Why Real Leaders Don’t Need a Corner Office

Read the article we have written for Bytestart here: Bytestart.co.uk

For some people, power (and therefore impact) sits in symbols of power such as a corner office, a nice company car or an executive assistant.

Symbols can, at times, play an impactful role but real and lasting impact is so much bigger than that. It’s how you conduct yourself, your actions and behaviours, that will speak the loudest. And if you do that effectively, you definitely don’t need to have the biggest office to have an impact.

The impact you create is a major success factor regardless of your role or position. Do you know what impact you have on people around you; the organization, your colleagues, clients, media? And is it the one you want to create?

Actions & Behaviours Create Culture
Every day, your actions and behaviours create the culture you and your team(s) operate within. It starts with you and the ripple effect that you have. Everyone has an impact on their immediate culture and as a leader, your behaviour is magnified into the organization.

The experience you create in others, shapes the culture you’re in. And culture is the biggest driver of business success. That’s how powerful your impact is. And corner offices can’t achieve that, can they?

So, if you don’t already have one, create a strategy for your impact and what that will do for the business. You can’t depend on symbols of power, such as a corner office, to make you impactful. You need to take control of your own personal impact.

What all leaders have in common is that they always operate through others, they need to enable employees to do a great job. This is why your impact becomes your most important strategy in order to deliver the desired and expected results.

Maximising Your Impact

Your impact is and should be bigger than you. And if you are a senior leader in particular, it’s not about raising your own profile, your focus on impact should be for the good of the business, the greater good.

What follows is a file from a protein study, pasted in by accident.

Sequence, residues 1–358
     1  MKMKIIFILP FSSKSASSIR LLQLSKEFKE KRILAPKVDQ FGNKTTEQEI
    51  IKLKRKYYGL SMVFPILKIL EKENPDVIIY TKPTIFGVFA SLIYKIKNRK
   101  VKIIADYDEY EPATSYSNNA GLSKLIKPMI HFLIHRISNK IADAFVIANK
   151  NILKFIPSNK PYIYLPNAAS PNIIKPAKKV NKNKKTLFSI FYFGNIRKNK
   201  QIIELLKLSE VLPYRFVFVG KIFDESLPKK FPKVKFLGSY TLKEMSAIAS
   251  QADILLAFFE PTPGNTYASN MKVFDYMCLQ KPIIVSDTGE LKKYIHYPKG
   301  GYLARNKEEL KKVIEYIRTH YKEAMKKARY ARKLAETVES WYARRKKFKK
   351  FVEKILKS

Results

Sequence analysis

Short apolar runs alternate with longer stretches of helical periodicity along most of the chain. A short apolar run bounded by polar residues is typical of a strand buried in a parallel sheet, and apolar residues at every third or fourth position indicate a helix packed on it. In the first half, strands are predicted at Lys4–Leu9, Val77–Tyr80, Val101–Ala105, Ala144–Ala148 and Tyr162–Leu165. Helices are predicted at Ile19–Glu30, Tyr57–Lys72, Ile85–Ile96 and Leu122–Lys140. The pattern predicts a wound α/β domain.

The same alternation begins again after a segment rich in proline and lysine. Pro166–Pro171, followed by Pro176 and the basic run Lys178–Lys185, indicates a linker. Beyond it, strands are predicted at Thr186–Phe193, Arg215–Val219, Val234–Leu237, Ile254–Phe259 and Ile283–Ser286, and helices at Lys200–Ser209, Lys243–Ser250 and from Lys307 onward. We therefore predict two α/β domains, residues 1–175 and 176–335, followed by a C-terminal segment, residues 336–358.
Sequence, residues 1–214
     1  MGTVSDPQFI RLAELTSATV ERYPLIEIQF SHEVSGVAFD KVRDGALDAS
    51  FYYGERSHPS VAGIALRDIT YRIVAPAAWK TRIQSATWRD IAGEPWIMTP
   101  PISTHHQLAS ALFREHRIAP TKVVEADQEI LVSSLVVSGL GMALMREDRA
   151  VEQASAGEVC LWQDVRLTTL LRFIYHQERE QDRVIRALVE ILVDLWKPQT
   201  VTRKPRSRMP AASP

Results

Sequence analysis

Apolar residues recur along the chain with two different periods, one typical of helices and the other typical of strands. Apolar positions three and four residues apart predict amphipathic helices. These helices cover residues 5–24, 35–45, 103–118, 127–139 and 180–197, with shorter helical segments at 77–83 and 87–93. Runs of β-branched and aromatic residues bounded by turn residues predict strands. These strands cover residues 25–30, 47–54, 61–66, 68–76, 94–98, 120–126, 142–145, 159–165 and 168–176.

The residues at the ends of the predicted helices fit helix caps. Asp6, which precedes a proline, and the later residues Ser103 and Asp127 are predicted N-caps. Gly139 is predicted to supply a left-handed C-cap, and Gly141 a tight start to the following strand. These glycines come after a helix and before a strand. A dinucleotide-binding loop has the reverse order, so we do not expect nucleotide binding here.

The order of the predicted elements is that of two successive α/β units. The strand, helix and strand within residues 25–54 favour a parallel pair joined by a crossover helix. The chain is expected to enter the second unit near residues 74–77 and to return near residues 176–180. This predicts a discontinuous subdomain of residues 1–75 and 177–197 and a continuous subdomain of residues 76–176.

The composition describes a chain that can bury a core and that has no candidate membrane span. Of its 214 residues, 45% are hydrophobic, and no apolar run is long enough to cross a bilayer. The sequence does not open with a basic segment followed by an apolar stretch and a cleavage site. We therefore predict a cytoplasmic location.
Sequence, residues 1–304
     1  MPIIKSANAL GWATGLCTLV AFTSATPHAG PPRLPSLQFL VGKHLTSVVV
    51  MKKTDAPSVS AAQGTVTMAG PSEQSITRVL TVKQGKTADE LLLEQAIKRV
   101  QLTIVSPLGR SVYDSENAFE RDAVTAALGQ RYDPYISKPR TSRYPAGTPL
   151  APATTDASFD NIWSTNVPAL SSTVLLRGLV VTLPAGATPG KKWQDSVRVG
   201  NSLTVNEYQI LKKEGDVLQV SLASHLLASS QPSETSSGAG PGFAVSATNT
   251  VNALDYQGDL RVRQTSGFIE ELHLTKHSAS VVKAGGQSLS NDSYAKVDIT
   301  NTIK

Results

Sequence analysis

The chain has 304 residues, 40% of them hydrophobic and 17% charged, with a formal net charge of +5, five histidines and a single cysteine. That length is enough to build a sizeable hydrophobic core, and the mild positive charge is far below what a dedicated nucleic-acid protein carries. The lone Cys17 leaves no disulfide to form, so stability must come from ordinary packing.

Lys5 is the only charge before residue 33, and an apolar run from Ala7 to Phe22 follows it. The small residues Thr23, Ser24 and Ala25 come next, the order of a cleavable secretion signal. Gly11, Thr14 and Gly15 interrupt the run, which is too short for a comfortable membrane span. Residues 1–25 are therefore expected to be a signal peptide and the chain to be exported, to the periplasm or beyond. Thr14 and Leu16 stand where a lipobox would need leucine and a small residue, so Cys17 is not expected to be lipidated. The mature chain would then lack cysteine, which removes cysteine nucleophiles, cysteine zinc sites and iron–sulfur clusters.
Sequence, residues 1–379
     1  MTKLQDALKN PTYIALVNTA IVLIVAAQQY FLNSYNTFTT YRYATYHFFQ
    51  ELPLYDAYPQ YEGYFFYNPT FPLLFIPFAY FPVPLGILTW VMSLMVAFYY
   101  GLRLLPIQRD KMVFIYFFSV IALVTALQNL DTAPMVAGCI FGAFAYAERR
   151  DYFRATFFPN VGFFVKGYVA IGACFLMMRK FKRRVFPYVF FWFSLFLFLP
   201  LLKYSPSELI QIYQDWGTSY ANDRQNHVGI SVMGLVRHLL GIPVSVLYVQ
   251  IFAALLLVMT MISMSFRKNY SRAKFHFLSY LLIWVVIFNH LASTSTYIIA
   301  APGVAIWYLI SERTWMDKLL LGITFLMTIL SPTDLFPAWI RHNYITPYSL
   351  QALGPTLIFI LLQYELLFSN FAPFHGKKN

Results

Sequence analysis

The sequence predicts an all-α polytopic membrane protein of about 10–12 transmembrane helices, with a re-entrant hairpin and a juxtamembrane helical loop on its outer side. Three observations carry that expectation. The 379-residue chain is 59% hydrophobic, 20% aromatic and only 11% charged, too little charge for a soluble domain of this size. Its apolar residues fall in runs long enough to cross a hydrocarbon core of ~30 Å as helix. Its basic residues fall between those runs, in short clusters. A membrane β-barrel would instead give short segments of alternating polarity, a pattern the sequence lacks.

Consistent, powerful impact creates your legacy, what the history books would say about you. What you become known for. What do you want to be known for? What legacy do you choose? When you move on to the next role, what do you want to be remembered for?

We live in a world of fast-paced change. The amount and speed of change people are experiencing is more extensive than ever before. And in that volatile, uncertain, complex and ambiguous reality, how you lead is more important than ever.

It’s how you lead, how you make others feel that will make the difference in how they respond to and are able to not just survive but thrive in change with agility and resilience.

Don’t Leave Your Impact to Chance

You need to be intentional about your impact – you need to lead and role model the kind of impact behaviours the organisation, its people, its customers and all other stakeholders need.

Think about it: what behaviours will make people want to collaborate more, share more knowledge, experience and ideas, focus on finding the solutions and give it their all? And how can you lead the way in that, not just talking about it but living it yourself?